I will do my damndest to render a GI/FG pass....

http://i4.photobucket.com/albums/y122/JamesRayder2026/Composite-Practise.jpg

ThE_JacO
09-14-2005, 04:00 AM
one thing needs to be said...

I read a lot of people approaching passes like if they are a locked down thing and there's only a certain number of them you can have.

Passes, what passes you need and what they do, are NOT set in stone.

passes are just a convenient way to manage multiple outputs for shading and rendering configurations, but there's absolutely no point in trying to use a GI pass if you don't need one, nor it's possible to show a pic of "how a gi pass looks", for the very simple reason that it doesn't look the same in two frames.

a GI pass is in most cases the same of a diffuse pass, except that it uses GI to illuminate the scene.
other times a GI pass could be a pass of your scene in grayscale to replace the ambient occlusion pass, and other times again (but more seldomly) it could be a complex multiplicative or shifting pass to add colour bleeding to a diffuse pass.

get in the habit of considering passes for what they are, a convenient system to have multiple outputs from the same scene, they are NOT predefined configurations that are always used the same way, nor the same amount and kind of passes is always required.

sometimes all you'll have is a beauty and a couple mattes, some other times you'll have 30 beauty layers and another 50 mattes and overlays.

NeptuneImaging
09-14-2005, 04:36 AM
Ok, Jaco...that is a very good explanation for me. In my short film I wanted to use GI so badly, but I can fake it with Ambient Passes and have it controlled in photoshop...I see no problem with it... and I guess GI is awesome only in still shots...

Thank you Jaco and everyone else here.

BTW, how is my composite to you guys. I know it still needs work.... :)

ThE_JacO
09-14-2005, 05:44 AM
when you want people commenting on your comps also put thumbnails of the originating passes, otherwise we won't know what's comped and how.

as for how it looks... well it's a phong shaded revolved mesh infront of something with a linearly distributed blur, hard to make a call on the creative side of things :)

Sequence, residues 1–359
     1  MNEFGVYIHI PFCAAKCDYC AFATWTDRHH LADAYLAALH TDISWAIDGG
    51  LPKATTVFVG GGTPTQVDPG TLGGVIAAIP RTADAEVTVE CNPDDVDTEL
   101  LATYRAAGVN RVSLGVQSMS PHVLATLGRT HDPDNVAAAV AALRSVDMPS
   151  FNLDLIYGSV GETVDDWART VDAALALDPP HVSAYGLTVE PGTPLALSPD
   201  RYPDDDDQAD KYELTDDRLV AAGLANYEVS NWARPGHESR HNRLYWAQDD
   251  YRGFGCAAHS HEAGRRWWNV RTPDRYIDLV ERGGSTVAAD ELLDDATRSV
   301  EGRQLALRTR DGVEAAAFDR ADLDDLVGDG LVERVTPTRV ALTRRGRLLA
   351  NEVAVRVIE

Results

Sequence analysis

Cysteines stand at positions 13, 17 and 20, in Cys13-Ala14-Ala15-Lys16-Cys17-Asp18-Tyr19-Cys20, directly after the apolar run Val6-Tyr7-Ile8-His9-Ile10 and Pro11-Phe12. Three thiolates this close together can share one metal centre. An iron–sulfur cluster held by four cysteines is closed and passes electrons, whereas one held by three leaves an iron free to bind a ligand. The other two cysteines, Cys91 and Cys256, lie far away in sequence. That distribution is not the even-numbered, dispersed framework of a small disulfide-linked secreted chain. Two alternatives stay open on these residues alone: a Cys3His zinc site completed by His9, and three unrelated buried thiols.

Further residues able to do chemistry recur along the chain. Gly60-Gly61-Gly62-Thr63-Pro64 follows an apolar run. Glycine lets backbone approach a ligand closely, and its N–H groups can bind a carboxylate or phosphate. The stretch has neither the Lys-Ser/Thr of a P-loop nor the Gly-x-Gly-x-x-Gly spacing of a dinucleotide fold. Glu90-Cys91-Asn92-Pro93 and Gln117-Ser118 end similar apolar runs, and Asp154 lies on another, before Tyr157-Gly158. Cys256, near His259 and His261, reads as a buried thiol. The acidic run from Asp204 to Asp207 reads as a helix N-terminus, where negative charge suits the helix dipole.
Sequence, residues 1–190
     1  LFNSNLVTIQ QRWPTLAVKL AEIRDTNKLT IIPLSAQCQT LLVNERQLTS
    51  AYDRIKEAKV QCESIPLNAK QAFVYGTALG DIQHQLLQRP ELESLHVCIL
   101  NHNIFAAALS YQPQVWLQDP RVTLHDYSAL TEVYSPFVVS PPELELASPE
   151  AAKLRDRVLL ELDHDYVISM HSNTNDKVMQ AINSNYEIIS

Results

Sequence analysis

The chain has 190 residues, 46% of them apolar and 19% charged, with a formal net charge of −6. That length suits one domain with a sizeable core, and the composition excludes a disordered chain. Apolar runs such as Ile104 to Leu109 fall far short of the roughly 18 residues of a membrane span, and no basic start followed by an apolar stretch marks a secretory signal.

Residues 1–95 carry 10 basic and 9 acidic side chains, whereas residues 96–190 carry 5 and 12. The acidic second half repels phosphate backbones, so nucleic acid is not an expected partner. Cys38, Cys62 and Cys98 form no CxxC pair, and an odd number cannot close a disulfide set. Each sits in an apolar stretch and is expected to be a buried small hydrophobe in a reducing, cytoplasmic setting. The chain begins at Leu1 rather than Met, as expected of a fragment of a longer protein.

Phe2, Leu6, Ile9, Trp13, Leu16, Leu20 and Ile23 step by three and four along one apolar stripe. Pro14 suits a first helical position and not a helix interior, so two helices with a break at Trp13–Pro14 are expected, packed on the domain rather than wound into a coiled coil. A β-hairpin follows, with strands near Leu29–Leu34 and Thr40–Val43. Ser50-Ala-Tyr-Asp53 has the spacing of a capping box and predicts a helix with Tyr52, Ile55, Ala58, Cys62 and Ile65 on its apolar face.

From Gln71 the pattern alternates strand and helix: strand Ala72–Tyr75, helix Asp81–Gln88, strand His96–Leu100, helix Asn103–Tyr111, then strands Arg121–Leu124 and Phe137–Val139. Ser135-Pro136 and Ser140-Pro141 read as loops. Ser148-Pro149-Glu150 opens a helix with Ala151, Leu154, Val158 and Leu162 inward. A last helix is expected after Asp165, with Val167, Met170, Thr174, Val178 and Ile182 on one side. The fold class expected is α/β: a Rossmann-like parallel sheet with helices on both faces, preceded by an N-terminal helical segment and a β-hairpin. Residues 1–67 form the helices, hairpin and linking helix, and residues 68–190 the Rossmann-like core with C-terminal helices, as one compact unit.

-wT-
09-14-2005, 06:00 AM
One thing I'd like to know from you experts, is how to get Photoshop to handle premultiplied-alphas properly?

As we can see on HaloAnimators image, the edges of the revolved foreground-object are quite horrible :)
I remember reading somewhere it's because of the alphas being premultiplied, although I remember turning premultiplication off in the render settings and Photoshop still doing horrible work when cutting objects off images with alphas...

Like for an example, in DFX+ which I got with LW, there's a simple tickbox in the image-loader node about alpha-premultiplication, turning it on instantly fixes those horrible Photoshop-edges we can see in HaloAnimators image.

NeptuneImaging
09-14-2005, 06:16 AM
Thank you wt. yeah, I had to set the anti-aliasing fairly low, and I had to lower the quality...any higher and I would have fallen asleep waiting, this was just a quick test to see what I can pull off, and I will post my precomp renders :)

The Jaco, Here are my pass renders. In my film, they will be higher quality and there will be no Depth of Field....

NeptuneImaging
09-14-2005, 06:18 AM
and here is the diffuse...the first image is the Depth pass, the second is highlight, and the third is the shadow pass. The jagginess seems to be caused by the depth alpha because I chose the wrong radius. I am using Photoshop CS and the Lens Blur

CGTalk Moderation
09-14-2005, 06:18 AM
This thread has been automatically closed as it remained inactive for 12 months. If you wish to continue the discussion, please create a new thread in the appropriate forum.